Michele is the Tax Accountant in our Richmond Administrative office and has worked at Harvest Land for five and a half years. Her main responsibilities include management of fuel margins, fixed assets, inventory, seed product entry and census reporting.

While he role doesn’t plant her at an ag center or in a fuel truck working face-to-face with our customers, Michele helps keep prices down for our members by watching the bottom line. Think spreadsheets. Lots and lots of spreadsheets.

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Michele’s favorite part of her job with the co-op is resolving problems and assisting others.

What three words would she use to describe Harvest Land?

  1. Forward thinking
  2. Altruistic
  3. Community

Michele is an active participant of our Cultivating Communities program, and the organization she volunteers for is Amigos, The Richmond Latino Center, Inc.. In her time outside work, Michele enjoys golf in the summer and swimming in the winter months.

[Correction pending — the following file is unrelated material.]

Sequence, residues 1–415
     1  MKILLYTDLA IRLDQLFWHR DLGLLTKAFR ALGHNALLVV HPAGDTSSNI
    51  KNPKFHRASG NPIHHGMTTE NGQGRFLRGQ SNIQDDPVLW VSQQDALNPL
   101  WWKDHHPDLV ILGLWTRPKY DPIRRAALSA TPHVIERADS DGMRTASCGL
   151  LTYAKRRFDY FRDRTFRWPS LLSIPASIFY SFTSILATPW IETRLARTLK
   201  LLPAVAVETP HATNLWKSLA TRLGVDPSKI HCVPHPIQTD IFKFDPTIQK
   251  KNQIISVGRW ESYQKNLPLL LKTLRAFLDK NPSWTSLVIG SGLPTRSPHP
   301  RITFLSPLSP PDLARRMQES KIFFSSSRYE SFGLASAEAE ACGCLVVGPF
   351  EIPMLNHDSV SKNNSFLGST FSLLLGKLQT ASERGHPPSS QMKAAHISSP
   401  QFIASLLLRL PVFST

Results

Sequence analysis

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Here, Michele is pictured with her daughters, Myra, left, and Bridget on the right. Any Twilight fans out there? An interesting note about this photo, told by Michele:
They filmed the “Police Station” scenes from the Twilight movies at this Wauna Federal Credit Union building in Vernonia, Oregon. I grew up, Jr High and High School, in Vernonia and worked in this building when it was first built after graduating from high school in 1980.  At the time it was Farmers & Merchants Bank.  I recognized the inside of the building when watching the movie and from the scenery I could tell it was filmed in the Pacific Northwest. My daughters didn’t believe me at first but I had saved the newspaper article from the 1980’s when the bank opened, they agreed after seeing the pictures. I eventually confirmed with my sister, who still lives outside of Vernonia, that they had basically closed down the whole town, population 2500, when filming there for a week or so. 

Michele was voted second place in our 2017 Salute to Service program, where she was nominated by Sam Andrews of Dot Transportation for her outstanding work. Check out what Sam had to say about her: